Many readers will be familiar with the case of Algerian-born Hicham Yezza. He, along with Rizwaan Sabir, were arrested at their Notts Uni office back in May under the Terrorism Act. Sabir, whose postgraduate research specialism is fundamentalist Islamic terrorism, downloaded an Al-Qaeda training manual (from an official US government website!) and forwarded it to Yezza for printing. This was picked up by university IT staff, which was passed up the management chain, who in turn informed the police. Both men were taken into custody for six days, and then released without arrest.
It seems they were arrested under suspicion of committing thoughtcrime. Research into extremism involves handling all manner of questionable material, and this a basic given as far as academic values are concerned. But this was not a good enough explanation for the counter-terrorist police. They extensively quizzed Yezza about his activities in Nottingham's anti-war movement, his role as the editor of local magazine, Ceasefire, and about his comrades on the staff. The Free Hicham campaign reports what happened next:
Not having been charged under the Terrorism Act, Hich was immediately re-arrested minutes after his release for charges under the Immigration Act, in a move that was considered by many (not least Nottingham South MP, Alan Simpson) to be highly political and suspect. Despite Hich’s publicly-declared intention that he was determined to fight the charges in court, and that he was seeking detailed legal advice, an order for a fast-tracked deportation was suddenly issued on May 23 and a deportation flight was scheduled for June 1. The Home Office planned to remove Hich from the U.K. after thirteen years’ of residence less than three weeks after his arrest under the Terrorism Act. Thanks to a huge campaign of protest at this injustice, including the biggest demonstration in the university’s history, a successful legal challenge was mounted and the fast-track deportation was cancelled.The Home Office have since charged Yezza with immigration-related offences, but offered to drop them if he left the country "quietly". Then came a deal that would have allowed Hich to stay until he had his day in court, a position the Home Office has reneged on. They aim to deport him after a short hearing due on 8th January.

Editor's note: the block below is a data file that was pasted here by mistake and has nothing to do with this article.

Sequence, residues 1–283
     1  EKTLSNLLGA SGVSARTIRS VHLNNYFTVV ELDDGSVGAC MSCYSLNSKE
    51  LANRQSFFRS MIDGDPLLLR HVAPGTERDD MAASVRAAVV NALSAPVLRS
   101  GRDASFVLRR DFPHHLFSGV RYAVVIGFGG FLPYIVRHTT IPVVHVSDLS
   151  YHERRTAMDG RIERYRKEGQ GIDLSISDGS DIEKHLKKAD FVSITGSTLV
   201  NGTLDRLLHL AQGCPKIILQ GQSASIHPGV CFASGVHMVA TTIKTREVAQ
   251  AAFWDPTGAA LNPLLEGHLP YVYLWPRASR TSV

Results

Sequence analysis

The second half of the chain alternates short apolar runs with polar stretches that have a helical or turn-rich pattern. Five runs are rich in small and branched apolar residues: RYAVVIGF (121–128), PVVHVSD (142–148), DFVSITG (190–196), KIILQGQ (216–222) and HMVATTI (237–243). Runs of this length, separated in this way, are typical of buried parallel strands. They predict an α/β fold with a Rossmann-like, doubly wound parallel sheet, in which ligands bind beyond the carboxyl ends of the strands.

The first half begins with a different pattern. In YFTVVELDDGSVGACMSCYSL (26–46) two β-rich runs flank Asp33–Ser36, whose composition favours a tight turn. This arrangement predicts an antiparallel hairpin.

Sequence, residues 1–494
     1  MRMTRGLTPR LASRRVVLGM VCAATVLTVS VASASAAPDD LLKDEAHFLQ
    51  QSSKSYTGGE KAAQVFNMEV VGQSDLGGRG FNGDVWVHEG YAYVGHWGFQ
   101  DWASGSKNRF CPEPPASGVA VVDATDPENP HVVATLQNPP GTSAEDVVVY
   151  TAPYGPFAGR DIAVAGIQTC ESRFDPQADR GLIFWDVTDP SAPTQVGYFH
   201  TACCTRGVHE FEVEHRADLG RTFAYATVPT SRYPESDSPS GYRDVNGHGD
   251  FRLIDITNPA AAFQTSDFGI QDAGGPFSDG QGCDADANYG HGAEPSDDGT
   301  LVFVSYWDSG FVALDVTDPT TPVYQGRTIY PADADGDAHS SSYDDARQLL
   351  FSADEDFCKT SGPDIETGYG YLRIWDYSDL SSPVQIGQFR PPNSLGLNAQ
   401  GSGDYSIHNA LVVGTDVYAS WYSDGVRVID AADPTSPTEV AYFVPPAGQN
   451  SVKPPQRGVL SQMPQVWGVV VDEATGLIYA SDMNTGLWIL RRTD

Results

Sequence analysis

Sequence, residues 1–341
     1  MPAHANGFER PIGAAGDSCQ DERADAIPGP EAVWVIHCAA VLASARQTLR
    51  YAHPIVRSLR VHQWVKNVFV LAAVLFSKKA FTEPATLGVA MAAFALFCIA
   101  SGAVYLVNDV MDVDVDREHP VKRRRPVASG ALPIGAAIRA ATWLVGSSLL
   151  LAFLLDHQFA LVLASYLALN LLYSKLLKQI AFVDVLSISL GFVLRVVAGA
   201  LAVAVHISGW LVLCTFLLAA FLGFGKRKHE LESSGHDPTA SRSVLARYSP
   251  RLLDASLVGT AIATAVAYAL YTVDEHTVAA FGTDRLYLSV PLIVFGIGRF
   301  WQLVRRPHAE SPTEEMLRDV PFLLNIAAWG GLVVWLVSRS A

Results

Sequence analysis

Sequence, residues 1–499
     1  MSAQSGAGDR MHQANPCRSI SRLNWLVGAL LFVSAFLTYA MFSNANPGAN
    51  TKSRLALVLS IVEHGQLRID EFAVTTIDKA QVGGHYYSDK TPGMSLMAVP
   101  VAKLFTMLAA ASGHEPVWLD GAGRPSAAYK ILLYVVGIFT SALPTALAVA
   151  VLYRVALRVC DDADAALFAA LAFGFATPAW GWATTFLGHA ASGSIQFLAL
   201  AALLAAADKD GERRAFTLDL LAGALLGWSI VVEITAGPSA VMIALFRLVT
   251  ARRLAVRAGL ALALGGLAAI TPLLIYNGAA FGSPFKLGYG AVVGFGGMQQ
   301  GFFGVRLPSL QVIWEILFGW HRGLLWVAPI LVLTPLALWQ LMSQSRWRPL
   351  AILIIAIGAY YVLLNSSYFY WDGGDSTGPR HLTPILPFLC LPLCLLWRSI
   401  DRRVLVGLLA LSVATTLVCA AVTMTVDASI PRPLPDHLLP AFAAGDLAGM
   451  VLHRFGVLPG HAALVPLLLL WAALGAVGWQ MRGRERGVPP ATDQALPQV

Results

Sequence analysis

Nonetheless, the Home Office refused to grant Hich temporary release whilst his case was being reconsidered. He subsequently spent a total of three weeks being moved across the country from one Immigration Removal Centre (IRC) to another, in the process spending over twenty-five hours being transported in secured transit vans. During the course of his detention, he endured significant physical as well as emotional pressures from the detention authorities, including a forcible removal from Colnbrook IRC to Dover IRC. On June 16, an application lodged by his legal team to have him released on bail was successful despite strong opposition from the Home Office.
The persecution of Yezza is political. Rather than admit the misuse of the already draconian Terrorism Act the authorities would prefer to hush it up by disposing of their inconvenient victim as quickly as possible. But this is literally a matter of life and death. There are fears Hich could face torture and possible execution if he returns to Algeria. As far as the government is concerned, what's a life against their precious deportation figures? Donations to the campaign and what you can do to help are detailed here.
Edit 08/03/09: Hicham Yezza update here.